Proponents of privatizing all public services love to say how much better, cheaper and more efficient everything is when it's done according to the "free market" (you know, the folks who brought us the spectacular crash of Wall Street and the worst recession this side of the Great Depression). One of their favorite targets in Massachusetts is the "Pacheco-Menard Law," which mandates a cost-benefit analysis by the state auditor for any proposal to privatize a public service. Privatization fans say it prevents privatization and costs taxpayers millions of dollars...but the REAL story shows that the Pacheco Law is good for taxpayers and the people who depend on public services, promotes lots of responsible privatization and encourages efficiency and ethics in public service.
In the early 1990s, then-Gov. William Weld decided to privatize many many of the human services that had been provided by public employees. Gov. Weld laid off thousands of employees. The ones who could take the financial hit were re-hired by the private-sector companies now providing the work, but at 30 percent less pay and drastically reduced health insurance benefits. The quality of care provided decreased as service was disrupted and many workers were forced to find other work. Now, more than a decade later, the human services community remains in crisis. Agencies can't afford to pay workers enough, more than half the workers can't afford their employers' health insurance plans, and the quality of care is still at risk.
State watchdogs and the media documented a pattern of abuse in Gov. Weld's push to privatize many state services. They discovered that private vendors with state contracts used taxpayer money to rent posh vacation villas, buy luxury cars, and pay for lobbying activities. Watchdogs also discovered that there was little or no competition for contracts. Lucrative contracts were being awarded to former administration officials and huge executive salaries were being paid to private vendors. In December 1993, Gov. Weld issued an executive order banning "revolving door" hiring by private contractors of the very state officials who gave them contracts.
What the Pacheco-Menard Law Really Does
In response to the decline in quality of services because of those privatization patronage contracts, the legislature passed a measure designed to assure accountability and affordability in the procurement of state services. The law is often referred to as the "Pacheco-Menard Law," named after its two primary sponsors, Sen. Marc Pacheco and then Rep. Joan Menard (who is now a state senator).
Chapter 296 of the Acts of 1993 outlines the process that state agencies and applicable authorities have to follow when they want to contract out for a service now performed by their employees, when the contract has an aggregate value of $200,000 or more. An agency must prepare a detailed written statement of the service to be contracted, estimate the most cost-efficient method of providing the service with agency employees, select a contractor through a competitive bidding process, and compare the in-house cost to the cost of the private contract. Bidders must maintain comparable labor standards.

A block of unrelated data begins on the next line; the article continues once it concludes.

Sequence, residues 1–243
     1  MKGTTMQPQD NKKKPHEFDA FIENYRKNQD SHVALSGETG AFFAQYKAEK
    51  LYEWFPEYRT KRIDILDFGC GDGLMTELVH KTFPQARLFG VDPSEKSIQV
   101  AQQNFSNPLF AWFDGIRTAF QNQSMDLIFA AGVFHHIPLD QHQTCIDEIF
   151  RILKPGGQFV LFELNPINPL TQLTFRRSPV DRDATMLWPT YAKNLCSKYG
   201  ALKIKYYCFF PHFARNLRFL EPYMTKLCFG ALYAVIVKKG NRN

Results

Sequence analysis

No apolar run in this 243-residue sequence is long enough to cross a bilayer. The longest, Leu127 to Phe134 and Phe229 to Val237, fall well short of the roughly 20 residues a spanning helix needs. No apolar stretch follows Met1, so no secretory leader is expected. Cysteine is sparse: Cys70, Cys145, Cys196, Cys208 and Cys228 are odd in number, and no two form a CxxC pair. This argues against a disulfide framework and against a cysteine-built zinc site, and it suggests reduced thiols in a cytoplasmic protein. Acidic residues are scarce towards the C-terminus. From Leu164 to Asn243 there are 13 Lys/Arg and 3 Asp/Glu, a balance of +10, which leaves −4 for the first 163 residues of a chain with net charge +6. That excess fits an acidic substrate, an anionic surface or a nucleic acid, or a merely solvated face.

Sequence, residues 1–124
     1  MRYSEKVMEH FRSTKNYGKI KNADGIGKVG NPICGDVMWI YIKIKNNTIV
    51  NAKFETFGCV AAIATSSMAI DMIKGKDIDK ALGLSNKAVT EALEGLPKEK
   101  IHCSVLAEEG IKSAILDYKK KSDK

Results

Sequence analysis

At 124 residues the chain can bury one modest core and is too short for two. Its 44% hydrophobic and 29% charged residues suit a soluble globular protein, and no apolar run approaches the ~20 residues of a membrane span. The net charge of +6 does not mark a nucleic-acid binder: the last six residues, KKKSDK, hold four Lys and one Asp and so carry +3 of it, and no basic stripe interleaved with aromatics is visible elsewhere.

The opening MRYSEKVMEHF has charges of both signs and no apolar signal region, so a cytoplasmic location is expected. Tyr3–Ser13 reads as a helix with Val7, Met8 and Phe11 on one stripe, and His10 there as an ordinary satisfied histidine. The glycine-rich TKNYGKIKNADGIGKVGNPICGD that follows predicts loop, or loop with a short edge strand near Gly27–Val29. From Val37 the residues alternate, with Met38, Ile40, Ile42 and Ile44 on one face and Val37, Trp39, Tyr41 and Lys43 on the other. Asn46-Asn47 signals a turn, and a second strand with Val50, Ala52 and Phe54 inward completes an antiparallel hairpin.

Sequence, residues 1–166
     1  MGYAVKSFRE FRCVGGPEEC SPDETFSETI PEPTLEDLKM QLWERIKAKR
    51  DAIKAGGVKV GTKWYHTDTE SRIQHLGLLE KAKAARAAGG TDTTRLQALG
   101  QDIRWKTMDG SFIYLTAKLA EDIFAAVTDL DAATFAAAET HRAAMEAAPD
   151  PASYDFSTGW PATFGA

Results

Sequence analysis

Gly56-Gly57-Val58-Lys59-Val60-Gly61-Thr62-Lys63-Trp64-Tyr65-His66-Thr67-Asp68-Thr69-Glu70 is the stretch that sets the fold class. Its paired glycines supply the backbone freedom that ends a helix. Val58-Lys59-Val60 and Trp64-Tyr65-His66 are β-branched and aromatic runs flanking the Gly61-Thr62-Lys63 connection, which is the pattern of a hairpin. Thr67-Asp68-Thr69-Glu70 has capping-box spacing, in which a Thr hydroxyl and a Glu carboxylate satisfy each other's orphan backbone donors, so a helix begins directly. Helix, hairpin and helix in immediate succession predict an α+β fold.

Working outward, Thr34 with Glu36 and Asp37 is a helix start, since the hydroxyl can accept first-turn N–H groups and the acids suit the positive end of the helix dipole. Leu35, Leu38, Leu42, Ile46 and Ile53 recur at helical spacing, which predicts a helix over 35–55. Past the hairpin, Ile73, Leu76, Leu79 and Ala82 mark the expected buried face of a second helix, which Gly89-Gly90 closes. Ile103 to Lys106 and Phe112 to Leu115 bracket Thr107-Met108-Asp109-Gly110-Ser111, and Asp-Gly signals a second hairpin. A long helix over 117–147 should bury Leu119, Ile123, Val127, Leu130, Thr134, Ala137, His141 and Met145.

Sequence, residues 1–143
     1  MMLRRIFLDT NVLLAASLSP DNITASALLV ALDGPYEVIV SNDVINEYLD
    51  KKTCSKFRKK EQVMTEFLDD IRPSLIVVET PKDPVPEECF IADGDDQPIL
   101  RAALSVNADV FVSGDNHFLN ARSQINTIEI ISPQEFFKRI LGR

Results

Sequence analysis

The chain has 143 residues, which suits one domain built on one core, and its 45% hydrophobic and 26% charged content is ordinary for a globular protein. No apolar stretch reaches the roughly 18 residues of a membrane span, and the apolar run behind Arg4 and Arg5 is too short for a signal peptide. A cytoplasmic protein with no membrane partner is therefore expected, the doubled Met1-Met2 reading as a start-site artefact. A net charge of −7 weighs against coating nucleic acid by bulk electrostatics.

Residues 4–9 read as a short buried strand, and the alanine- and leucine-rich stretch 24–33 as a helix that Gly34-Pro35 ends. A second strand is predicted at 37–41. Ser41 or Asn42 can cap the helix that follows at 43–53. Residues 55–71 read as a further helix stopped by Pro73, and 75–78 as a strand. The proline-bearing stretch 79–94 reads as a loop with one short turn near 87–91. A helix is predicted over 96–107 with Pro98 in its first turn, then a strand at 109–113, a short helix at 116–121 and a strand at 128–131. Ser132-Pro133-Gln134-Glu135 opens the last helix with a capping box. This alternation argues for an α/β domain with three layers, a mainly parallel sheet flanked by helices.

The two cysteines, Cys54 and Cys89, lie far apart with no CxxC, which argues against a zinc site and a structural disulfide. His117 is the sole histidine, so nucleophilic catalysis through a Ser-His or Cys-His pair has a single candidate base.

The state auditor then reviews the the application to ensure that the cost of the contracted service would be less than the in-house cost and maintain at least equal quality of service. The auditor has 30 days to approve or reject the application. A rejection is final and binding unless withdrawn, based on a revised certificate and subsequent approval by the auditor.
Why Pacheco-Menard Law Is Working for Us All
- The state auditor's office has approved 75% of privatization proposals submitted. The Pacheco-Menard Law isn't a roadblock to privatization--it's a guardrail to ensure privatization is safe, effective and efficient.
- Contracts may be awarded to companies if even one cent is saved.
- Public employees are allowed to submit a bid as if they were a private company. Because of their experience on the front lines, public employees often have innovative ideas for improving services and efficiency. The law allows them to do so on an equal footing with private companies.
- The law protects employees from cost saving measures affecting wages, health insurance, status and hours. When too many workers get hurt in the "race to the bottom" in wages and benefits, no one wins--except the few fat-cat privateers reaping the profits.
- The law ensures that the people who depend on public services--many of whom are among our most vulnerable residents--will continue to get high quality care, no matter who provides it.